Does Infiniti want to project a strong Japanese identity on their brand globally? I'm not sure they do.
it's shame coz if it is a right era, he's no doubt a competitive driver that needs no sponsor or manufacturer backing to survive in F1 and earn at least decent seat like Sauber, FI or Lotus.
Unfortunately I don't see Kamui getting Japanese sponsorship. Despite the great crowds at Suzuka its difficult to appreciate that F1 is a minority interest in Japan. I think the behaviour of the fans at Suzuka is more due to the Japanese trait of having one or two interests that you're really into and REALLY getting into them and shouldn't be taken as a broader interest in the sport across the country. Also because of Japan's legendary support for Senna its again easy to overestimate the level of current support. No Japanese driver has ever come close to having similar levels of fame as the Brazilian within Japan.
Yeah, and it was sad to see empty white boards on pit building (just Pirelli stickers), that dont look good.
There was huge F1 boom in Senna/Prost era, but F1 has been minority in Japan for long time actually.
Even in UK F1's not that popular and common is it? I never really felt any F1/motorsport culture in UK (altho I know there indeed is), and none of my friends there have deep interest in F1. Almost sure that Football/cricket/etc are far more common and popular there. Also F1 TV rating is falling there isnt it?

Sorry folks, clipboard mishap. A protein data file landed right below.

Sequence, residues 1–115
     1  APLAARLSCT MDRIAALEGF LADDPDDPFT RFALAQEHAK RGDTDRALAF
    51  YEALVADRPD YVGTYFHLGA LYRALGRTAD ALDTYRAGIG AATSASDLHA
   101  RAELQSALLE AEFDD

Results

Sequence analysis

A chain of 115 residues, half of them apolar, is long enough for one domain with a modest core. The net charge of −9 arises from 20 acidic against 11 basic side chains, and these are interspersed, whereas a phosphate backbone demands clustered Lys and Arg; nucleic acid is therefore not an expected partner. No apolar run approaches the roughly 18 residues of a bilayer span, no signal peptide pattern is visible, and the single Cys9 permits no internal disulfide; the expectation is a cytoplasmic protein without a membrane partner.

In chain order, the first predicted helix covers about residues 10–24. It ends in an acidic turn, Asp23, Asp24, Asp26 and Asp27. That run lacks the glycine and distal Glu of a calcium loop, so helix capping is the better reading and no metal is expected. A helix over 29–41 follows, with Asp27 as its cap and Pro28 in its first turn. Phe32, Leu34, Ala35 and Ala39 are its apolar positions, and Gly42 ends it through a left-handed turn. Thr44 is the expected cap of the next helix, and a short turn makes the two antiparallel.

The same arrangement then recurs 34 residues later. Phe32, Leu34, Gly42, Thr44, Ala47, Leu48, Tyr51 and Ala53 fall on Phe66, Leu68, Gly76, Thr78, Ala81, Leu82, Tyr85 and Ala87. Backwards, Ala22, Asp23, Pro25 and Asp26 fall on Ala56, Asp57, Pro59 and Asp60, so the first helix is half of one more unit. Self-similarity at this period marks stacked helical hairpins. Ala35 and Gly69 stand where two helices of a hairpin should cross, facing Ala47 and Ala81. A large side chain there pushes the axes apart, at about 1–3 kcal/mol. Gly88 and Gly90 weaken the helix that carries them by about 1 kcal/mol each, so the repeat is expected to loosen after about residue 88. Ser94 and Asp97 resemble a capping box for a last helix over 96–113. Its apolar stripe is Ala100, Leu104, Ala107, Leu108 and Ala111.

As for Japan, even without Senna or japanese manufacturers/drivers, F1 has been "ok" here, but, overall, suffering from internationally common phenomenon - diversifying interest that is. (I imagine UK too to quite a degree)
Maybe I have to point out that I cannot help but feel Senna's popularity in Japan is quite overrated by non-Japanese tbh. Senna's popularity was worldwide, and Japanese/Asians tend to be crazy about western actor/actress/athletes/musicians/etc, like Beckham, Johnny Depp, Tom Cruise, Beatles, and so on. So in perspective it's understandble or not that much special to Senna.
Or, to put it another way, NO foreign athletes ever got such level of enthusiasm in Japan. Senna's popularity was synergy created by 1.his heroic, mysterious and passionate yet benevolent character/attitude/look, 2.invincible Honda engine, 3.penetration of F1 at that time since start of Japan GP at Suzuka in 1987. There were every single factors required to enable such exponential boost. IIRC TV hadnt started showing every race until as late as circa 1990, F1 had only 15 or so races a year, once 2-3 weeks unlike baseball etc, and of course japan GP is only once a year... in such situation, Senna became popular that much in a space of just few years here. Such thing never happened in Japan and will never happen.
In a sense its similar to American support for F1. I doubt Austin will have much difficulty filling its stands with truly passionate American crowds but only a fool would believe therefore that F1 is well known let alone followed in the US.